Neck circumference (NC) is being used to identify the risk of chronic diseases. There is a high prevalence of overweight and obesity in Latin America, and neck circumference is a simple and practical measurement to assess this, especially in primary health centers. We analyzed the correlation between the NC anthropometric indicator and other anthropometric measurements such as BMI and waist circumference (WC) in eight Latin American cities. We applied Pearson's correlation to identify the correlate NC with the other anthropometric variables stratified by sex; the sensitivity (Se) and specificity (Sp) by sex were evaluated according to the cut-off established with the Youden Index. The strongest correlations between NC and WC were found when stratified by sex (women: r = 0.71; men: r = 0.69, respectively) followed by the correlation between NC and BMI (r = 0.65, both sex). NC cut-off points of 39.0 cm in men and 32.9 cm in women identified those individuals with an increased WC and 39.8 and 33.7 cm, respectively, for a substantial increase in WC. For BMI ≥ 25.0 kg/m2 for men, the cut-off point was 37.5 cm, and for women, it was 33.1 cm, and for BMI ≥ 30 kg/m2, the cut-off points were 39.2 and 34.2 cm, for men and women, respectively. Conclusion: NC proved to be a useful, practical, and inexpensive tool that can be used to identify, evaluate, and monitor overweight and obese individuals.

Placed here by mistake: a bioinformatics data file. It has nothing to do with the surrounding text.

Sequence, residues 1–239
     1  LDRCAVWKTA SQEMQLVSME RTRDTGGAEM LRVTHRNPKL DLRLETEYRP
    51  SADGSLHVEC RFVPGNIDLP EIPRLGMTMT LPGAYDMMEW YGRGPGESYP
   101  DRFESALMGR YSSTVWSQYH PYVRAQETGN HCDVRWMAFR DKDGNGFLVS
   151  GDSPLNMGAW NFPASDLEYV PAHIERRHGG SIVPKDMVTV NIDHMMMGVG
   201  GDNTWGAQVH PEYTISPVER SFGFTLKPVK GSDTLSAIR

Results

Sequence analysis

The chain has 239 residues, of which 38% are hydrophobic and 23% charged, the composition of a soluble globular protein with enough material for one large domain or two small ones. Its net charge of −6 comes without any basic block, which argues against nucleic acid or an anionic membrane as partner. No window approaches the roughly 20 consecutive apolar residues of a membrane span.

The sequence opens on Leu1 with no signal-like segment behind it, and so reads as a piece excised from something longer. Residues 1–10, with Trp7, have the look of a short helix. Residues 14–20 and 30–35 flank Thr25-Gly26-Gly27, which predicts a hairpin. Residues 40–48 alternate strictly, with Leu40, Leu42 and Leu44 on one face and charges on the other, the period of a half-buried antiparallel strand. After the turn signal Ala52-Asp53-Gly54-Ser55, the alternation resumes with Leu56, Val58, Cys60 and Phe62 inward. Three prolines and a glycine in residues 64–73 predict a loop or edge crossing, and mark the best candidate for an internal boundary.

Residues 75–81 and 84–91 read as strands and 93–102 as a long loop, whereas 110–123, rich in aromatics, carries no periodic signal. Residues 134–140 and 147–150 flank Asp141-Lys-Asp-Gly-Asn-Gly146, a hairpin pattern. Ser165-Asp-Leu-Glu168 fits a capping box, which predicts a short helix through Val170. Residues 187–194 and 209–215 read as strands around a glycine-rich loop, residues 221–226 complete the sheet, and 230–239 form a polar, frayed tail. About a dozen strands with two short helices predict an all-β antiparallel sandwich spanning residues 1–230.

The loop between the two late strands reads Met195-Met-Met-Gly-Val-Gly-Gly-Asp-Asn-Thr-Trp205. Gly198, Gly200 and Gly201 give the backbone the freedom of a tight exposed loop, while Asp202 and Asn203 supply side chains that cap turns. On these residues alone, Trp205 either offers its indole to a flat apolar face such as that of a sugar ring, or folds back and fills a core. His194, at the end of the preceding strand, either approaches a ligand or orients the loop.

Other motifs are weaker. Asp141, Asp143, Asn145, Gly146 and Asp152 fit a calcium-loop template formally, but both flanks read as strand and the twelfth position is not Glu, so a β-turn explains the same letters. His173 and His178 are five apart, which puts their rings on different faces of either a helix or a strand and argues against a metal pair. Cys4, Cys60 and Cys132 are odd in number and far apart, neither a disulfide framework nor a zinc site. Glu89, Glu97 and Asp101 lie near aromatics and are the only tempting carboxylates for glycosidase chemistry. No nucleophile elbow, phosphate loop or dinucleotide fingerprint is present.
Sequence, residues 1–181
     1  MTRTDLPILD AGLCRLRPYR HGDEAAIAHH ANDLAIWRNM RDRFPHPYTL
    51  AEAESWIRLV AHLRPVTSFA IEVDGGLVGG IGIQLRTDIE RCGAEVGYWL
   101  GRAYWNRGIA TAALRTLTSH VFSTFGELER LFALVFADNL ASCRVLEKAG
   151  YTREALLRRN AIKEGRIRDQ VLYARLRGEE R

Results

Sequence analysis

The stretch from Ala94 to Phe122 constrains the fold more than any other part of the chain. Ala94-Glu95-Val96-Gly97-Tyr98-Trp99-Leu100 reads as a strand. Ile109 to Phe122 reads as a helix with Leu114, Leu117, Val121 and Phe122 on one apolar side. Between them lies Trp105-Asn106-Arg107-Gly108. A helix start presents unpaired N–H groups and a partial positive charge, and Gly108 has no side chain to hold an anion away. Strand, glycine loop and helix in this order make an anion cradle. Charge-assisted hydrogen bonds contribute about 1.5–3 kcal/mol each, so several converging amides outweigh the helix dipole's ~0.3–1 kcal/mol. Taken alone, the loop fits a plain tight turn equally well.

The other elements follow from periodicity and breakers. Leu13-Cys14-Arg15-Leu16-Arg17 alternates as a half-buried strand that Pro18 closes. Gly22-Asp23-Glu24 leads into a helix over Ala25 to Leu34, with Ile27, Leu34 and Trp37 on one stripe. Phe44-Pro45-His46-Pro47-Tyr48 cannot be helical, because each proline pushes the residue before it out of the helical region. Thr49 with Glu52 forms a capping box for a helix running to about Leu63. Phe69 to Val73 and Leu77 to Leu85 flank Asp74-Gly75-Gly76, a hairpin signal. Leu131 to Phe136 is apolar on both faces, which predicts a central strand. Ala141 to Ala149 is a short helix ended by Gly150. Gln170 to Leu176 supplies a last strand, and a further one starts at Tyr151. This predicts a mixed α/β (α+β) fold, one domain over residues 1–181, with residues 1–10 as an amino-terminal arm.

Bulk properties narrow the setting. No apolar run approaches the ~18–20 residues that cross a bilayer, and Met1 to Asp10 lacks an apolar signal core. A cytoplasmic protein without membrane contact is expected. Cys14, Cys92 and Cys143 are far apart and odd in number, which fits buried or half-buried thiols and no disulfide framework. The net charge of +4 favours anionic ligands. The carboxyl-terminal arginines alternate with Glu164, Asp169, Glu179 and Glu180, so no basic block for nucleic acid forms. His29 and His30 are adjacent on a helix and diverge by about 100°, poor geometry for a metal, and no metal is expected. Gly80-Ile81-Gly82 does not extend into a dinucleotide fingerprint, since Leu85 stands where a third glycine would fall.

Keywords: body mass index; neck circumference; obesity; overweight; waist circumference.